Repentance isn’t just about saying sorry.
Repentance is understanding that we have sinned, and fallen short.
That we have made mistakes against God that we can’t erase or pay for on our own.
Repentance is recognizing that Jesus is really who He says He is, and accepting His gift of eternal life.
Maybe we think that someone is so rotten, involved in so much sin, that there would be no way for Jesus to save them.
But the truth of the matter is, Jesus did not come for the perfect, He came for the broken.
When Jesus draws you to repentance, your whole life changes.
Repentance is something we must reflect on often – it’s not a one-time event.
Repentance is more than just getting saved, or accepting Jesus as your Lord and Savior.
We should stay in an attitude of thanking Him that He has rescued you from the grip of sin, even though you still sin and make mistakes.
Maybe you’re in this room and you haven’t accepted Jesus before.
Maybe you are like the tax collector, just waiting for someone to call you by name, to see you in the midst of your struggle, and give you a way out.
Jesus is that way out.
Maybe you’re in this room and you’ve been a Christian for a long time.
You’ve repented of your sins and accepted Jesus, and you’ve been growing in your faith.
But yet, often times, you think that the Gospel is for everybody else but you because you’ve already “been there and done that”.
Jesus said that He didn’t come for the perfect, and believe me, none of us are perfect.
Even if you are a Christian, you will still make mistakes and you will still sin.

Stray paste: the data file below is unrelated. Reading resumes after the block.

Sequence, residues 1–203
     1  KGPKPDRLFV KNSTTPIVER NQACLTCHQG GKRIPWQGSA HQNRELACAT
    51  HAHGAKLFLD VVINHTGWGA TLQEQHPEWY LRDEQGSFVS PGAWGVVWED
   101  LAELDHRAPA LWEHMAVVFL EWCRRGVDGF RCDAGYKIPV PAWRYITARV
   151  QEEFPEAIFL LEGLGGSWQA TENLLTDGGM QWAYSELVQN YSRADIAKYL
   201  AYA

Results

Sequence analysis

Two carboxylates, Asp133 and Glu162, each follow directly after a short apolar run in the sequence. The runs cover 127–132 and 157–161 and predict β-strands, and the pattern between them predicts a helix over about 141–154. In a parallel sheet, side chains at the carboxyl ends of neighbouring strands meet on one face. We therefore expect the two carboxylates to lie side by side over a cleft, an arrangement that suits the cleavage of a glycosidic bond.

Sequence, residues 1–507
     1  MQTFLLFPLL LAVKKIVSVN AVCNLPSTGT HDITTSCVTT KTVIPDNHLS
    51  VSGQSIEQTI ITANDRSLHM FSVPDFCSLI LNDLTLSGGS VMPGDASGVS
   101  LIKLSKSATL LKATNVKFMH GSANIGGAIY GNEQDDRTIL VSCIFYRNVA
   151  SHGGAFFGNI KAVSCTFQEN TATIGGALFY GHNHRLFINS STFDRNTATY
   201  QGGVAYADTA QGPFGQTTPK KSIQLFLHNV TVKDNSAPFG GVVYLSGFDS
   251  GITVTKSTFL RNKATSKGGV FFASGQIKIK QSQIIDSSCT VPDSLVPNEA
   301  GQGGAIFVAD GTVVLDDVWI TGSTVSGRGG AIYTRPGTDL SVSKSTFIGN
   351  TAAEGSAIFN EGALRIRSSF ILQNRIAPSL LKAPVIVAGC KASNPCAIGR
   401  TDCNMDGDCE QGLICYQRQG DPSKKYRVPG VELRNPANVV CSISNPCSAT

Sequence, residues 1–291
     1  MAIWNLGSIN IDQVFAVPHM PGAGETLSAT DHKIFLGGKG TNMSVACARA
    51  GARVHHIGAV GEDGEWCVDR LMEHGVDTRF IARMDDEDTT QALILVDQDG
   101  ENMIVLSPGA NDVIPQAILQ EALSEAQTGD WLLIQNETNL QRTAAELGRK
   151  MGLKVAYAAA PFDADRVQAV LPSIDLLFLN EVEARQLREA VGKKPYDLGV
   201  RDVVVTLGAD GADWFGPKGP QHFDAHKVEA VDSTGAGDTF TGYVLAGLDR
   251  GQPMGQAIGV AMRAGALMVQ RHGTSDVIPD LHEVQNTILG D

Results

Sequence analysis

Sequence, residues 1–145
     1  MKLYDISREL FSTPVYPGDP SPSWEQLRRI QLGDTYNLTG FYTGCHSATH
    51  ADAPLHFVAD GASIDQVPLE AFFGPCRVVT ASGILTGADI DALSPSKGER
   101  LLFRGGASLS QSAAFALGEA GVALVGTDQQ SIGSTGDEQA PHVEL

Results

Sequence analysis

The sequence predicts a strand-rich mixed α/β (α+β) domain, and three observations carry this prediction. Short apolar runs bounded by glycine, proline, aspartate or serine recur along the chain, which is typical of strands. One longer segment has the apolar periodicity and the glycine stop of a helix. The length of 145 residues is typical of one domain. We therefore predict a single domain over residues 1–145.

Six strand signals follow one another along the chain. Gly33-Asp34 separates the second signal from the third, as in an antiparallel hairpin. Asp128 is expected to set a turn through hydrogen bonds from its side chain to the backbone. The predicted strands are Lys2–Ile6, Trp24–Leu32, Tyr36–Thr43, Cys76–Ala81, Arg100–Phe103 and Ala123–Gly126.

Repentance reminds us of the power of the Gospel.
And so maybe today you needed to be reminded, that Jesus came because of His love for you.
He called you out, so that He could know you and have a relationship with you.
Close in prayer.
SMALL GROUP DISCUSSION QUESTIONS
- How do you think the tax collector felt to be hated by the religious leaders?
- Who would you say is the equivalent of a tax collector in modern times?
- When you watched the video, what stood out most about Jesus’ interaction with the tax collector?
- What does repentance look like in your own life?
- Are there things that you have to ask forgiveness for regularly?
- Why do you think Jesus came for broken people?
- Do you think there are people that are too broken for God to fix?
- Do you think that repentance changes anything, and why?
- How has your relationship with Jesus changed the way you see the world around you?
- Who is someone in your life that you could pray for that does not know Jesus?
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Brian Preiser serves as the Director of Student Ministries at Bayside Chapel in Barnegat, NJ. His passion to equip leaders and to encourage teenagers to make a difference in the world they live in through the power of the Gospel.